You can change some settings on your tinkerBOY Controller v3.0 by communicating with it via USB serial using a program called minicom.
Login to your Pi via SSH or hit F4 to go to the command line. Install minicom by typing the following command:
sudo apt-get install minicom
Type “y” and press enter.
Wait for it to install.
Setup The Program
Before you can use minicom you need set it up to communicate with the your v3.0 board. Type the following:
sudo minicom -s
Select “Serial port setup” and press enter. Press ‘a’ and change “Serial Device” to
/dev/ttyACM0. Press enter twice and select ” Save setup as dfl”. Select “Exit” and press enter.
Commands you can use to display the status of a particular setting:
a – for displaying the current Analog Joystick settings.
d – for displaying the current Digital Volume setting.
v – for the current software version.
z – for the Deadzone value.
You can exit the program by “CTRL + A” then press ‘X’.
This guide will help you setup the USB Audio on the tinkerBOY Controller V3.0 as the default sound output device in RetroPie.
Assuming you’ve already followed the wiring guide and connected your v3.0 board to a Raspberry Pi, login via SSH or connect a keyboard and hit F4 to go to the command line.
First, check if usb audio is detected by typing:
Output should be something like:
pi@retropie:~ $ cat /proc/asound/modules
0 snd_bcm2835 – This is the builtin sound device in Raspberry Pi.
1 snd_usb_audio – This is the USB Audio you need to setup as the default sound device.
Now create a file by typing:
sudo nano etc/asound.conf
Paste the following:
# Copy both input channels to output channel 1 (Right).
# Send nothing to output channel 0 (Left).
Finally, save the file by CTRL + X, press Y, and press ENTER.
Reboot by typing
sudo reboot. You should be able to play sound from your v3.0 board.
By default, both of the analog joysticks on the tinkerBOY Controller v3.0 are disabled but you can enable or disable one or both by following How to Enable or Disable Analog Joysticks.
Here’s how to wire the PSP1000 Analog Stick:
I designed the tinkerBOY Controller V3.0 from scratch so you can easily build your own Game Boy Zero or Game Boy 3. It’s a big upgrade from my other controller boards like the v2.0 and v2.2. and all the components I used are USB based in order to minimize wire connections.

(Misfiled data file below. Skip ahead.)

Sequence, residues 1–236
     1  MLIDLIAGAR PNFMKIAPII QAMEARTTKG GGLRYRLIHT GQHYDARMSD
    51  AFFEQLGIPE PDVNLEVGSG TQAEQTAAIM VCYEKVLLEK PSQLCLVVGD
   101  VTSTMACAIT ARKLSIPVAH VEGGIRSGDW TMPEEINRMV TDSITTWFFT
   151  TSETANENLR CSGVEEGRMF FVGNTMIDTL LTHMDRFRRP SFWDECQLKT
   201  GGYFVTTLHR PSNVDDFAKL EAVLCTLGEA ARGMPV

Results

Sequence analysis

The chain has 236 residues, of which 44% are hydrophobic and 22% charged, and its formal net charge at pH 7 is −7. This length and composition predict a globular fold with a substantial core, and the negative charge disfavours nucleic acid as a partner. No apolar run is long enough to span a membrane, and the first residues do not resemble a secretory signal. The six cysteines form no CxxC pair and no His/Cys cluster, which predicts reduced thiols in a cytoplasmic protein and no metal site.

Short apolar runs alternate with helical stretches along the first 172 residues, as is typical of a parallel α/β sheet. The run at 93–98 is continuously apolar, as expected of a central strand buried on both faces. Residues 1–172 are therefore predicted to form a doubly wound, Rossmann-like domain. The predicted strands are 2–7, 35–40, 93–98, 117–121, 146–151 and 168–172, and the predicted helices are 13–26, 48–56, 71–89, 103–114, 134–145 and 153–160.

The board is already pre-programmed as a USB gamepad and supports two analog joysticks that can be easily enabled via command line on the Raspberry Pi or on Windows PC or Mac.
Building your own Game Boy Zero for the first time is a bit confusing sometimes, especially for beginners without any prior knowledge of electronics. So I’m hoping this page will help you get started with your new tinkerBOY Controller v3.0.
Software Configuration Guides:
Recommended DMG Case Mod:
You can download the 6-Button Template and print it in its actual size. If you’re printing it from Chrome uncheck the “Fit to page” from the “Scale” option.
There are two ways you can enable or disable analog joysticks:
Press and hold the “START” button for 15 seconds and reboot. This method only works with Analog Joystick 1. You need Method 2 if you want to enable or disable Analog Joystick 2.
With the builtin usb serial communication of the tinkerBOY Controller v3.0 you can easily enable or disable Analog Joysticks through software. In order to do that, you need install the minicom program by following the instruction at tinkerBOY Controller v3.0: Settings.
Start minicom by typing
sudo minicom. Start by checking the current status of the Analog Joysticks by pressing ‘a’.
Here’s how to enable or disable one or both analog joyticks:
- Press 1 to enable or disable Analog Joystick 1.
- Press 2 to enable or disable Analog Joystick 2.
That’s it. 🙂
Before you wire a 3-pin volume wheel make sure you disable the “Digital Volume” setting on your tinkerBOY Controller v3.0.
The diagram below shows where to connect to the PWM audio on a Pi Zero(bottom view):
PWM0 and PWM1 are the right and left audio channels corresponding to GPIO 18 and GPIO 13 on the Pi Zero.
Your /boot/config.txt should include the following line:
/etc/modprobe.d/alsa-base.conf and the add the following:
options snd_usb_audio index=0
options snd_bcm2835 index=1
options snd slots=snd-usb-audio,snd-bcm2835
You can test it by using the command
Output should be:
Edit the file
/boot/config.txt and comment the line:
Now edit the file
/etc/modprobe.d/alsa-blacklist.conf and add:
Finally edit the file
/lib/modprobe.d/aliases.conf and comment the line:
#options snd-usb-audio index=-2
Or if you just want the USB Audio to be your primary sound device.